Heat and dust presented unexpected challenges this summer, during the three month, £200M remodelling of Derby’s strategically located railway station.
Safety has to be an absolute given on any Network Rail contract and full PPE is an absolute requirement. Steel toe capped boots, high visibility over-clothing, gloves, safety glasses and helmets must to be worn at all times. Even in temperatures of 30ºC-plus.
So it was that Network Rail found itself this hot summer having to deal with an unusual challenge on its massive Derby station remodelling scheme – dehydration of personnel. Combating this meant wholesale distribution on site of bottled water.
15,000 litres in two weeks
“We handed out 15,000l in just two weeks of particularly hot weather,” says Network Rail project manager Kerry Arrowsmith. “Along with loads of sun block.”
Suitably hydrated and screened, the workforce maintained the high level of activity needed by an extraordinarily tight programme: just 79 days in which to carry out major track realignment, resignalling and platform modification in and around Derby station.
The cost of the scheme gives an idea of its scale: £200M is a lot to spend in under three months.
“The planning was intense and so has been the effort to keep on programme,” says Arrowsmith. “At worst, at one point we were six hours behind schedule. But we quickly made that up.” Approaching the end of the project, Arrowsmith can afford to relax. “We’re currently slightly ahead of where we should be,” she says, with a smile.
Derby station serves as a substantial junction, taking traffic from all points of the compass. Trains come and go from London, Birmingham, Sheffield, Crewe and Matlock among many other places. It is a busy station with – prior to remodelling – a cat’s cradle of railway lines not really suited to 21st century needs.
“Design of the layout dated from the late 1960s; it reflected the then demand for heavy freight movements within the East Midlands,” says Network Rail senior sponsor Kevin Newman.
“The nature of freight traffic has changed in the intervening years and so have passenger numbers, which have doubled in recent times.”
There was a growing need to improve efficiency for the benefit of customers. This coincided with a requirement to replace ageing signalling throughout the station area and the approach to “end of life condition” of the permanent way along with switch and crossing units. As one railway worker puts it: “A perfect storm was approaching.”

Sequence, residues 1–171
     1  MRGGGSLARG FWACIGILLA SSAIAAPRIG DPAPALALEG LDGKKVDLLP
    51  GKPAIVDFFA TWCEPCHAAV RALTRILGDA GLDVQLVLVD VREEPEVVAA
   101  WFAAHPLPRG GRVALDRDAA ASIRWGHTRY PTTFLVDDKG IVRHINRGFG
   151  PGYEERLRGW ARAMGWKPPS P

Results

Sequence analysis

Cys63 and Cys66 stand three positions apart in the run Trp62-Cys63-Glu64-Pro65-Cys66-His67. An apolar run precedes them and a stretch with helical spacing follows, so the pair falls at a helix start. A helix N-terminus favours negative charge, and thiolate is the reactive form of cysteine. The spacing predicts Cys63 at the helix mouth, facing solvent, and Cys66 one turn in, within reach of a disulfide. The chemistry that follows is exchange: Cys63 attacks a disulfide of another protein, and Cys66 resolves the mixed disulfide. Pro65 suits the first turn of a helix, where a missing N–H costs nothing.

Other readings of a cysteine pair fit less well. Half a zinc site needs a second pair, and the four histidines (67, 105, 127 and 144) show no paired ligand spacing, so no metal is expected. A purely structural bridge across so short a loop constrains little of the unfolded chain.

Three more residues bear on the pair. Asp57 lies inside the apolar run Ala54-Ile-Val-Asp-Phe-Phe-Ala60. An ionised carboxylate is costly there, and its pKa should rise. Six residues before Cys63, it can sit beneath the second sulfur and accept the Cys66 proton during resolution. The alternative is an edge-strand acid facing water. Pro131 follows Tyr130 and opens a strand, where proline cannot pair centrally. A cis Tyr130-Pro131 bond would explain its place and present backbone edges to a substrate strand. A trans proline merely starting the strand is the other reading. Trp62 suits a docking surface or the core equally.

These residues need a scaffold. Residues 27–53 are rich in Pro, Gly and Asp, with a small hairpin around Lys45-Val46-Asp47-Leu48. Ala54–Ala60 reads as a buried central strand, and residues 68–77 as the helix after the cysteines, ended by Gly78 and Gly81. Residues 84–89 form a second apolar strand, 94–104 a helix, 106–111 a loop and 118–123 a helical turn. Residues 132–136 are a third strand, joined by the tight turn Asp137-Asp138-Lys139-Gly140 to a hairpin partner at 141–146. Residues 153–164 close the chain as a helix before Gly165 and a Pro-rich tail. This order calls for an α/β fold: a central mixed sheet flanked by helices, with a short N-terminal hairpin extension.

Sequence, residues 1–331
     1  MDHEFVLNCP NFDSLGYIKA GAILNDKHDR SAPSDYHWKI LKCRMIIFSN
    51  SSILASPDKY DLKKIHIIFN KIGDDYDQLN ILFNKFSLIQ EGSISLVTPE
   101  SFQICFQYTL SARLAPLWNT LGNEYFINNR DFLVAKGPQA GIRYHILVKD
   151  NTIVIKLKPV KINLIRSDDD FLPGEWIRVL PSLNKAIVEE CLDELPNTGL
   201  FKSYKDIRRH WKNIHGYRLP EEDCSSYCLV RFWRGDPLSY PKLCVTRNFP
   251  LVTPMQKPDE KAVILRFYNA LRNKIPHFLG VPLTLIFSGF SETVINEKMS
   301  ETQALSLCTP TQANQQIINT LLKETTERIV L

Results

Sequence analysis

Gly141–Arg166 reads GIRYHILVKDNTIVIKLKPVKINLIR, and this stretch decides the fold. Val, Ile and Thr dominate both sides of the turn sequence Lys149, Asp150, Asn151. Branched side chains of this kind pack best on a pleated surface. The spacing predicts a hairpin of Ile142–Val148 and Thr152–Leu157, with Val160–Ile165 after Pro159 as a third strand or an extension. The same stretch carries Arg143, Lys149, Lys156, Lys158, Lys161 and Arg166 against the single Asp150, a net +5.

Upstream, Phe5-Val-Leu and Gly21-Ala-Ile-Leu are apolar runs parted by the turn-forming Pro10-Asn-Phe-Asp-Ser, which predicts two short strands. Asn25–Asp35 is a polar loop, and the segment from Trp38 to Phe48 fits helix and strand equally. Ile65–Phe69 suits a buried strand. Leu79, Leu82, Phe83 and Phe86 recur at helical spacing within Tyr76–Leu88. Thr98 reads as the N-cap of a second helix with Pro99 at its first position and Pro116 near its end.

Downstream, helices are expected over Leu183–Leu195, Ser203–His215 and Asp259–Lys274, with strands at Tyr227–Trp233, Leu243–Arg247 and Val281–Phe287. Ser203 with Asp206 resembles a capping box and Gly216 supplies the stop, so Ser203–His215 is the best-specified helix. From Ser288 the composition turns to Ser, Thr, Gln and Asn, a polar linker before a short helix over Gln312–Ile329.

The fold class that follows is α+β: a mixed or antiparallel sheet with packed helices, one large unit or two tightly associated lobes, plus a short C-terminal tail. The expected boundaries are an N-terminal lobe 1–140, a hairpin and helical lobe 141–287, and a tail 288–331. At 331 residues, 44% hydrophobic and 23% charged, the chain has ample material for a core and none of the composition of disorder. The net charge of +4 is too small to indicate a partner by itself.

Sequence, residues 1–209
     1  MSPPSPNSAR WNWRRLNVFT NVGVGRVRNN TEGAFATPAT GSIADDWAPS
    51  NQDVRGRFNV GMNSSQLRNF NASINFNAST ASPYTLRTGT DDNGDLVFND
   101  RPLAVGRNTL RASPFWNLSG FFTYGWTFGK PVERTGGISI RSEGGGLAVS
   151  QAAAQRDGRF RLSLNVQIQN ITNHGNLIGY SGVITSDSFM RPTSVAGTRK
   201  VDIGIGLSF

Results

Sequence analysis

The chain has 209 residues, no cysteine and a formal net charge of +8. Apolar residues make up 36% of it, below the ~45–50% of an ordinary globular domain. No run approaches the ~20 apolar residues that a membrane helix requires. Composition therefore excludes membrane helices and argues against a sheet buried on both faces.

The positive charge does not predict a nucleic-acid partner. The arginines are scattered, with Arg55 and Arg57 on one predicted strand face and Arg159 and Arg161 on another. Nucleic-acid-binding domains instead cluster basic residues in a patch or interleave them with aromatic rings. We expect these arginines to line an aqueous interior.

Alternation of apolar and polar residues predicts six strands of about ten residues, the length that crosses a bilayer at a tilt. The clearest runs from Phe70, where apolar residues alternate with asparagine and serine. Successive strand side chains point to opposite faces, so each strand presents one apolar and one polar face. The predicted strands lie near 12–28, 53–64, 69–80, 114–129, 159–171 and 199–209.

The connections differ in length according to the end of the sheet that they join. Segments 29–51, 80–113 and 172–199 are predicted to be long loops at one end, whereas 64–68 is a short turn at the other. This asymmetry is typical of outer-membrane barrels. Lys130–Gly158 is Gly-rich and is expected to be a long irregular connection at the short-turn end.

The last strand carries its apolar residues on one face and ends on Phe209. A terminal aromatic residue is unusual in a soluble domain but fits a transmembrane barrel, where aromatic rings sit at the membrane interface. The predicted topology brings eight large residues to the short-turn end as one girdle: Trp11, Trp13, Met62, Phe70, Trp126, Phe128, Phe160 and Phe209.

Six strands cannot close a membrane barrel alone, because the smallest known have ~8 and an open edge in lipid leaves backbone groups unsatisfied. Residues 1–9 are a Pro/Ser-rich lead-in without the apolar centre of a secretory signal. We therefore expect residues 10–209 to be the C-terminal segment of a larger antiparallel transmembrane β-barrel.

’Biggest ever engineering scheme’
It was decided that Derby station should undergo what is claimed (unofficially, on site) to be Network Rail’s biggest ever engineering scheme.
“We had four principal objectives,” Newman says. “We aimed to reduce journey times by increasing efficiency. We could do this by segregating services, increasing line speed and generally improving performance.
“Secondly, we wanted to remodel and simplify the track and signalling layout. While doing this we could achieve our third objective – renewing life expiring signalling and track infrastructure in the area.
“Lastly we wanted to deliver a layout ready for future electrification.” It added up, he says, to the biggest rail investment in Derby station for decades. “Derby is a key component of the Midland Main Line Upgrade.”
Work started on Sunday 22 July and was due to finish as New Civil Engineer went to press. Siemens was awarded the general remodelling of the station area including signalling and related civils plus control centre works. Galliford Try won Derby’s new island platform – designated platforms six and seven – plus improvements to platforms two, three, four and five. Three new buildings were also included in Galliford Try’s package, a first class lounge, retail unit and staff facility.
The remodelling work was carried out in two distinct phases, the first between 22 July and 2 September, and the second between 2 September and 7 October.
Derby Station scheme
Network Rail’s Infrastructure Signalling Northern (East Midlands)
Siemens (signalling, E&P and control centre works); Galliford Try (new platform, adjustments to existing platforms)
22 July to 7 October 2018
Plant and materials
New track installed: 14.47km
Engineering trains (new materials in, muck away): 240